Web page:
Date: 194u
Creator: Clark, Joe
Partner: UNT Libraries Special Collections

[Boy Meets Girl]

Description: Narrative by Junebug Clark in the summer of 2014 Stir-off Time, the harvesting of sorghum and the process of extracting out its juices and boiling it down into molasses was a day and night process that brought families, neighbors and friends together for this last social event in the Fall season. Besides sharing in the labor they also shared in fun and dance as local musicians came to play as did many of the single folk used this as an opportunity to meet and court. Overall Background: These Molasses Making Stir-off photos were shot by Joe Clark HBSS in the early to mid-1940s. Most of them on the farm of Fred Whitaker about four miles southwest of Cumberland Gap, or in Cumberland Gap on the farm of Baptist preacher the Rev. Hugh Vancel. More information about these images can be found in scrapbooks in the Clark Family Collection at the University of North Texas Special Collections Library. Specifically in a Detroit news pictorial article published December 13, 1942 titles "stir-off party" where mountaineers make molasses and merriment. Also in life magazine published November 13, 1950 [page 156] titled “Stir-off Time in Tennessee, Fun Starts in Hills as Molasses Boils.’ Also in the library is NBC Today Show video taped story on Joe Clark HBSS by Bob Dotson. It features Joe Clark returning to Cumberland Gap Tennessee to photograph a molasses stir off taking place in the same location as some of these photographs and attended by some of the same people in the early 1980s. Let me briefly set the scene of the time and era that these photos were made. World War II was raging. Television did not exist. Radio reception sporadic in this mountain country. School was held only three months a year mostly during the winter months. ...
Date: 194u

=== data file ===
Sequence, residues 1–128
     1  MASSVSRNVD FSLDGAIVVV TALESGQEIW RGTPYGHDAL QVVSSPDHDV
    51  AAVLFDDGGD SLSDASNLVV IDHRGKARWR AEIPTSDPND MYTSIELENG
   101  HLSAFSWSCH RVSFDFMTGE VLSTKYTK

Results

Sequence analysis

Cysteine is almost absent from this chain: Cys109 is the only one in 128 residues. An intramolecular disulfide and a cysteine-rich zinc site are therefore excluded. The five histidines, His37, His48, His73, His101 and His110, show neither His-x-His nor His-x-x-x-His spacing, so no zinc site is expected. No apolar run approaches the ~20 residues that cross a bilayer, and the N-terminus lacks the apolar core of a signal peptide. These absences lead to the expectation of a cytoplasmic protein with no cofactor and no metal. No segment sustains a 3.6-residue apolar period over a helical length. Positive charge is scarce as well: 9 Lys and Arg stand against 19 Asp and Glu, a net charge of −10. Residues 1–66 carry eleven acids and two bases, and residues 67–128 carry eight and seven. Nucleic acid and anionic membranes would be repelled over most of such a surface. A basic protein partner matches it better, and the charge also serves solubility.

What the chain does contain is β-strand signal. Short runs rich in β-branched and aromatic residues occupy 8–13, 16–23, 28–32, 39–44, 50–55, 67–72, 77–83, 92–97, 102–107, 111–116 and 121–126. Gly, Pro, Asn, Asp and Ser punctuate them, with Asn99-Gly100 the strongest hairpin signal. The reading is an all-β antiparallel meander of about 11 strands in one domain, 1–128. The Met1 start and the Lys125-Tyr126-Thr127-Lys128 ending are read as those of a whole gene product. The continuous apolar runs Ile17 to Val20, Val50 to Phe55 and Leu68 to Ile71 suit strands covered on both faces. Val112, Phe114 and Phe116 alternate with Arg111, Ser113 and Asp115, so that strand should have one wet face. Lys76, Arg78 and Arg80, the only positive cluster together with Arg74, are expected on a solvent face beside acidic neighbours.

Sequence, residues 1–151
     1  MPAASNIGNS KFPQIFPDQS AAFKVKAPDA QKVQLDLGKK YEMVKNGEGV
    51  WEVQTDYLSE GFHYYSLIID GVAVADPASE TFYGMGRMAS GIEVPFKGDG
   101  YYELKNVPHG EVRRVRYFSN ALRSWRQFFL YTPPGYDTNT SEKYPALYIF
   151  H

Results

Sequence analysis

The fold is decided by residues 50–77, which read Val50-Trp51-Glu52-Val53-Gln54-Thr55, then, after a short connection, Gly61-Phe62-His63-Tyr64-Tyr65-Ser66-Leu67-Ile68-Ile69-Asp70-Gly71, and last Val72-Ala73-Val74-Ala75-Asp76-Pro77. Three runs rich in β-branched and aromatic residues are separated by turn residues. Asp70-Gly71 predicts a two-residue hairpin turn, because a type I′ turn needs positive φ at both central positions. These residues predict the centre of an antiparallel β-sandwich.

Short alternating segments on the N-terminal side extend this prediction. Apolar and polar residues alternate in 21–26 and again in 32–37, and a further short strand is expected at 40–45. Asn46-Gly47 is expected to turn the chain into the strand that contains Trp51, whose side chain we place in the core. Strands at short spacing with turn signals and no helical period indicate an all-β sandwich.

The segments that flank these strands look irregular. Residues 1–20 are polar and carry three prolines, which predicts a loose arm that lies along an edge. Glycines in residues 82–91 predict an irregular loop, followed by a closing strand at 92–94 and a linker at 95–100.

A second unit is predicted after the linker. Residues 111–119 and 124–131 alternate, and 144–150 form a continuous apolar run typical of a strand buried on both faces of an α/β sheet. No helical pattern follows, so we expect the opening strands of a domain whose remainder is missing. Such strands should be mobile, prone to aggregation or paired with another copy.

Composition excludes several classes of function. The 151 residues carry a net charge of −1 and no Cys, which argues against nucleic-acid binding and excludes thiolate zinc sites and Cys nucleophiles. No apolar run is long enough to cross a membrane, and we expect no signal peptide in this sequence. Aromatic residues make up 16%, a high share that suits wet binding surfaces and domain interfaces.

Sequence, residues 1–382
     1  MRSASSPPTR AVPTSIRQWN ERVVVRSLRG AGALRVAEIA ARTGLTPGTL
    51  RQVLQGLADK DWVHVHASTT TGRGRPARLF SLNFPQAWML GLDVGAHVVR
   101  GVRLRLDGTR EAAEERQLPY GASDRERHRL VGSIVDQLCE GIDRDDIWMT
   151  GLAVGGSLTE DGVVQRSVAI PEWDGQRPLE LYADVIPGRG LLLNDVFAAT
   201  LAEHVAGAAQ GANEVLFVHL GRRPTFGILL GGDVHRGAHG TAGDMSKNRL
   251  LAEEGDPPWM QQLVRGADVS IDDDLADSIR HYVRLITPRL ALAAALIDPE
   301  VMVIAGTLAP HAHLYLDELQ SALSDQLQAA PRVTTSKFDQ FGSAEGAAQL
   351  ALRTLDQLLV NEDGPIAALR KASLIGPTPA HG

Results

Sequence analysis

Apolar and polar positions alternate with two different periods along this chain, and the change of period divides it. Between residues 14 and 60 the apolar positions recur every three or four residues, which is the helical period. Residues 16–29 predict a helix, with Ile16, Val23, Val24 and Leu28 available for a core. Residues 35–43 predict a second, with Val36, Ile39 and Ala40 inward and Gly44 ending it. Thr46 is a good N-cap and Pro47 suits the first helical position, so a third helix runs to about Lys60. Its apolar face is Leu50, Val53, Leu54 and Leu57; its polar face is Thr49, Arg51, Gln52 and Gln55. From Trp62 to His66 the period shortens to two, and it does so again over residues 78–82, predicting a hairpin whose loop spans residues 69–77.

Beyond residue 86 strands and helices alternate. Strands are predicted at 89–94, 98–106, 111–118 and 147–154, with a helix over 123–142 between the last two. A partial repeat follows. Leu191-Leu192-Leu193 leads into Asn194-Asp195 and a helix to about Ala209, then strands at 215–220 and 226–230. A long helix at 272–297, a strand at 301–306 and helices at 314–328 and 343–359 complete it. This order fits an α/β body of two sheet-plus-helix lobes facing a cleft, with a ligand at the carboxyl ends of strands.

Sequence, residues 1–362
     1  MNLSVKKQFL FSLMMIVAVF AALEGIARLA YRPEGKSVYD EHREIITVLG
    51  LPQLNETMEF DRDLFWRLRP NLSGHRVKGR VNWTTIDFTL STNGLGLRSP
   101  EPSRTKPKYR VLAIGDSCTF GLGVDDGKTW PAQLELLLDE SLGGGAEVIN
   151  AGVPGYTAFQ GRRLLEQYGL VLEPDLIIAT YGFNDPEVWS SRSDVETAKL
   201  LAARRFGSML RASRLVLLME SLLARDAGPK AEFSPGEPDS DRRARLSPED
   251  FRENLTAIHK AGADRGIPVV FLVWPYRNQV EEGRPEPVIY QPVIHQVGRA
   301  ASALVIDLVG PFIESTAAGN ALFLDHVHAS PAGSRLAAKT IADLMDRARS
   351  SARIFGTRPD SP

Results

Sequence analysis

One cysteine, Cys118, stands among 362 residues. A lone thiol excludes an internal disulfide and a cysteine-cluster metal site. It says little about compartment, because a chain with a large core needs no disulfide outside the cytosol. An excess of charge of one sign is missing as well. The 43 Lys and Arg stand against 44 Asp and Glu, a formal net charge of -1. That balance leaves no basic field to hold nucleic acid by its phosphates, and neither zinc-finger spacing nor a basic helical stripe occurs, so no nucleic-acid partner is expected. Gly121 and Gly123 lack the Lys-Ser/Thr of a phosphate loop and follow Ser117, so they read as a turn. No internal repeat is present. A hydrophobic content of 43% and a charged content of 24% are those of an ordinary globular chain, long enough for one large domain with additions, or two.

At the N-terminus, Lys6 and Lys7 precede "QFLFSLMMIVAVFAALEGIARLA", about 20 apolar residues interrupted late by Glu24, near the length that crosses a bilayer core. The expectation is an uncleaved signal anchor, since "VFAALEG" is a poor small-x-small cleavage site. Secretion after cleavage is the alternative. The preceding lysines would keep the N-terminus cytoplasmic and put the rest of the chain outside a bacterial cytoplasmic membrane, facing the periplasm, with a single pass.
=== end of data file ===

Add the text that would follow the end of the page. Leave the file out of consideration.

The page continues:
Creator: Clark, Joe
Partner: UNT Libraries Special Collections

[Bringing the Heat]

Description: From harvesting the sorghum, to extracting cane juices, to boiling it down into molasses, this process can take weeks of round the clock cooperation between families, neighbors and friends to accomplish. As you can see in this photo the vats and fire places used are serious and meant to be used 'round the clock and shared by the harvest community. Narrative by Junebug Clark in the summer of 2014: Overall Background: These Molasses Making Stir-off photos were shot by Joe Clark HBSS in the early to mid-1940s. Either on the farm of Fred Whitaker about four miles southwest of Cumberland Gap, or in Cumberland Gap on the farm of Baptist preacher the Rev. Hugh Vancel. More information about these images can be found in scrapbooks in the Clark Family Collection at the University of North Texas Special Collections Library. Specifically in a Detroit news pictorial article published December 13, 1942 titles "stir-off party" where mountaineers make molasses and merriment. Also in life magazine published November 13, 1950 [page 156] titled “Stir-off Time in Tennessee, Fun Starts in Hills as Molasses Boils.’ Also in the library is the NBC Today Show story on Joe Clark HBSS by Bob Dotson. It features Joe Clark returning to Cumberland Gap Tennessee to photograph a molasses stir off taking place in the same location as some of these photographs and attended by some of the same people in the early 1980s. Let me briefly set the scene of the time and era that these photos were made. World War II was raging. Television did not exist. Radio reception sporadic in this mountain country. School was held only three months a year mostly during the winter months. Most news of the changes in the outside world was learned, they say, “By looking at pictures in the ...